America also needed the bogeyman of communism to justify their actions. Take, for example, Vietnam. We go into Vietnam. We implement the Phoenix program. We kill millions of people. We bomb a country back to the Stone Age, as has been oft-described, to prevent the domino effect. But from 1965 onwards, American policy makers knew all too well that Indonesia, the largest domino in Southeast Asia, the only one with any valuable resources or shipping lanes, was not going to fall. The communists were destroyed, killed, exterminated. So were we really in Vietnam to prevent the spread of communism? No. But did that story soothe the consciences of the perpetrators of the war, that story? Yes. So too did the lies about the communists soothe Inang’s [a perpetrator whom Adi interviews during an eye exam] conscience.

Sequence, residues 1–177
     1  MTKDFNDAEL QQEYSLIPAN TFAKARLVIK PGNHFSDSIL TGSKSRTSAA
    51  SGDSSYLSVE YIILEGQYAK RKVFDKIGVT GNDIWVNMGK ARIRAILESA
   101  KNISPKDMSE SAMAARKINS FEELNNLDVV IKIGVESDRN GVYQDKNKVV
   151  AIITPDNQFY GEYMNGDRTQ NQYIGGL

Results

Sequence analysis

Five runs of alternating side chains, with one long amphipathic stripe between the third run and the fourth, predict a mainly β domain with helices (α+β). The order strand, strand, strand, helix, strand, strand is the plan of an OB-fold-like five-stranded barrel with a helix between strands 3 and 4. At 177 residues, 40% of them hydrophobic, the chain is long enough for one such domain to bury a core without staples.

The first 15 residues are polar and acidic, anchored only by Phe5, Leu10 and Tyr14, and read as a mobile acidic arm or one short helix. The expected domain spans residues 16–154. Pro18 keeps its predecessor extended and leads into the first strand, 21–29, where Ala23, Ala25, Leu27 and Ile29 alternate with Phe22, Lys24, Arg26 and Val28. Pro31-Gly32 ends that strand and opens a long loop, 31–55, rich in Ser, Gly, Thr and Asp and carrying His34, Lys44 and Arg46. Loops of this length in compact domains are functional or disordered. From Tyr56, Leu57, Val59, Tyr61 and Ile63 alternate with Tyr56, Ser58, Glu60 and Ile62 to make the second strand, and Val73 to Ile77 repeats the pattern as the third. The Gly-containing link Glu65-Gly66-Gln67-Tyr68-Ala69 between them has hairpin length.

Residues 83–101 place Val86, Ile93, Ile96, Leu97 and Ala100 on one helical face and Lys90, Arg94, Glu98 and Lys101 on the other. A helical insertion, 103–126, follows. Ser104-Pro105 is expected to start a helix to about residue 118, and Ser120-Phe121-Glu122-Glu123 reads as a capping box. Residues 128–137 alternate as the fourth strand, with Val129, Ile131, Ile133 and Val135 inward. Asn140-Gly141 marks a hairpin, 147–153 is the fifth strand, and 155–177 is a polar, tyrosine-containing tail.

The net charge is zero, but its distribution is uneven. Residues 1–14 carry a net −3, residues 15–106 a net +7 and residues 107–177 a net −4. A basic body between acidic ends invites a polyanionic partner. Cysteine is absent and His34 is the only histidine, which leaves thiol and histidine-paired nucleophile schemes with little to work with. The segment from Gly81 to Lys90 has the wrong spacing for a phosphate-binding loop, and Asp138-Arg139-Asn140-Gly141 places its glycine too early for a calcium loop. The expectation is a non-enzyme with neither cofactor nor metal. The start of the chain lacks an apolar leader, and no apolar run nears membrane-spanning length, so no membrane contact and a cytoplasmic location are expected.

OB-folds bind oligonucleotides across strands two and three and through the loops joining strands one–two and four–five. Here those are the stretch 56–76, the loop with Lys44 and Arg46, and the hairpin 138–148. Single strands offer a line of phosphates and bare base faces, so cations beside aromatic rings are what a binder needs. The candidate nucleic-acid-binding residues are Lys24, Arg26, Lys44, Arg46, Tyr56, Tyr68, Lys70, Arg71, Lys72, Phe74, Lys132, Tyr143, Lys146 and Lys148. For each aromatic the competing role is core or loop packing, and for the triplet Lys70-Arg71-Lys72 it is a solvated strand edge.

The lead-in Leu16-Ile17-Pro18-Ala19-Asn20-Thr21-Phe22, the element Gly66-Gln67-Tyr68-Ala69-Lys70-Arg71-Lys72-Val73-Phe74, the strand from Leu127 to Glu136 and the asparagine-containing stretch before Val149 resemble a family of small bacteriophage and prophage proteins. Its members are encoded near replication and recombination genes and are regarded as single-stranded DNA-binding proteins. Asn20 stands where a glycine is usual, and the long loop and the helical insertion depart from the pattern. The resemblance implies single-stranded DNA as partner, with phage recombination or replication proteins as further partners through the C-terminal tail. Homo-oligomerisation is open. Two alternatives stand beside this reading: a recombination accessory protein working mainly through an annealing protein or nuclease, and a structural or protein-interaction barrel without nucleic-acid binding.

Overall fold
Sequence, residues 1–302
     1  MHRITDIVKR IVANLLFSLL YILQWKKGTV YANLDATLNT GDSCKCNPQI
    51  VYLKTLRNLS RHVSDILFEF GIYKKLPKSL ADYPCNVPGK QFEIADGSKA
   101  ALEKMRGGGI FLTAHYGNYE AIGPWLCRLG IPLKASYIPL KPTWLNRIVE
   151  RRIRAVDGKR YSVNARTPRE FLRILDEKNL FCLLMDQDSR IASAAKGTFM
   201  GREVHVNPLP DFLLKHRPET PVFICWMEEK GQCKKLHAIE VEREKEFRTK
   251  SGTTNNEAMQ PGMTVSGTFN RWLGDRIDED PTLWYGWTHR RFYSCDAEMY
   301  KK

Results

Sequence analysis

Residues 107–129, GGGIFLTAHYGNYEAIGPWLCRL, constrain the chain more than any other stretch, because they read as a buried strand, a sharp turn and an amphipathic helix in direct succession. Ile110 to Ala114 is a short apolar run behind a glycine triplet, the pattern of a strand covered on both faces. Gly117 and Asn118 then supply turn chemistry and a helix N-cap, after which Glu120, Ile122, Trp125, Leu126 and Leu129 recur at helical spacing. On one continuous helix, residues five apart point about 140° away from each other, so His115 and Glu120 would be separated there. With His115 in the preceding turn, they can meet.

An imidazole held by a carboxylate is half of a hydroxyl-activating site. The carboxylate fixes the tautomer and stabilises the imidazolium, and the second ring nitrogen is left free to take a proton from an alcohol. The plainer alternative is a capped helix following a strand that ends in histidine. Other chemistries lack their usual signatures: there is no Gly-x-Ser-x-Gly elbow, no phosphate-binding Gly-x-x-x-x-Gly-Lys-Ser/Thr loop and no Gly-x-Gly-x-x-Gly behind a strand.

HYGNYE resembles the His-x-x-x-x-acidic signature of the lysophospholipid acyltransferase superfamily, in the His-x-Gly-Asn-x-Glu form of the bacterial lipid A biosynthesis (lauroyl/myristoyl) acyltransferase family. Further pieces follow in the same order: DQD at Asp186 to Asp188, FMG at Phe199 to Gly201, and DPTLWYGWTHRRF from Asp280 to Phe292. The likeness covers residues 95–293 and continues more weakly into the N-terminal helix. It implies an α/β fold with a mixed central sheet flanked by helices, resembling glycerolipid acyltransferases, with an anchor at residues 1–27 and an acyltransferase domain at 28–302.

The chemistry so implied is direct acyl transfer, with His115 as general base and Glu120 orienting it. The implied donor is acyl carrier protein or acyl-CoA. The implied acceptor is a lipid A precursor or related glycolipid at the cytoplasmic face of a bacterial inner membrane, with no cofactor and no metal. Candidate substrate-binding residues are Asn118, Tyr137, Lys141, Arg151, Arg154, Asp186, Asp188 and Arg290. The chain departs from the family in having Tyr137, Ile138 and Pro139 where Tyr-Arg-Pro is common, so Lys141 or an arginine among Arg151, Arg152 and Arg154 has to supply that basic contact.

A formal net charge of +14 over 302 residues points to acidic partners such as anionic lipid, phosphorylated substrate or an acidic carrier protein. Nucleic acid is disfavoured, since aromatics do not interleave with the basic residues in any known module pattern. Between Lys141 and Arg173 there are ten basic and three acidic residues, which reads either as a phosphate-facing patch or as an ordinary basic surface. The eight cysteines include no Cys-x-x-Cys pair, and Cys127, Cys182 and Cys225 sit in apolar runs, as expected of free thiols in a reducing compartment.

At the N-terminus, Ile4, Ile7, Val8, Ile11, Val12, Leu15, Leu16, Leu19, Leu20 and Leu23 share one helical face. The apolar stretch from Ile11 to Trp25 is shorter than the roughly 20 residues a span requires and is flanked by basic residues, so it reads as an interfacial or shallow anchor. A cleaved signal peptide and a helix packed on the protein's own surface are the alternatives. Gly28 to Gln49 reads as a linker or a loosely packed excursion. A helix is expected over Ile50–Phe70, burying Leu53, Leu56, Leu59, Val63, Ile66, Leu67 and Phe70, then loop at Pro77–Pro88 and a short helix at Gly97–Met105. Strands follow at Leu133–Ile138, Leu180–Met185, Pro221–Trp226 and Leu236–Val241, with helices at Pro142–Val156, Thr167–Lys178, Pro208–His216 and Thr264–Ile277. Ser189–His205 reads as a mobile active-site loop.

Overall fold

In Indonesian school, it used to be that people weren’t allowed to get decent jobs, or go to high school. They weren’t allowed to marry who they wished. They had to have a special ID card that said they came from an unclean background. The people who were actually accused had black ID cards, whereas their relatives’ said “Unclean Background.” Almost all of those laws were scrapped in 2000 because they underpinned the whole dictatorship and there was a brief era of swift reform. But the basic laws—the communist party is banned, Marxism and Leninism can’t be discussed—are still in the books, not because there was a great fear of communism in 2000, but because that still enshrined the “rightness” of the extermination of the communists. The lies that the communists deserved everything that happened to them, and that legal apartheid was necessary, are still taught in the schools to justify what happened, but also to shore up the position and the power of the protégé of the perpetrators, who continue to dominate the society. Stigma, discrimination, reduced economic opportunities are almost universal among the relatives of the victims, because of the legacy of that discrimination, and because they’re still stigmatized, as we see in the school. That’s what’s taught in every history class in Indonesia without exception. Even in the International School.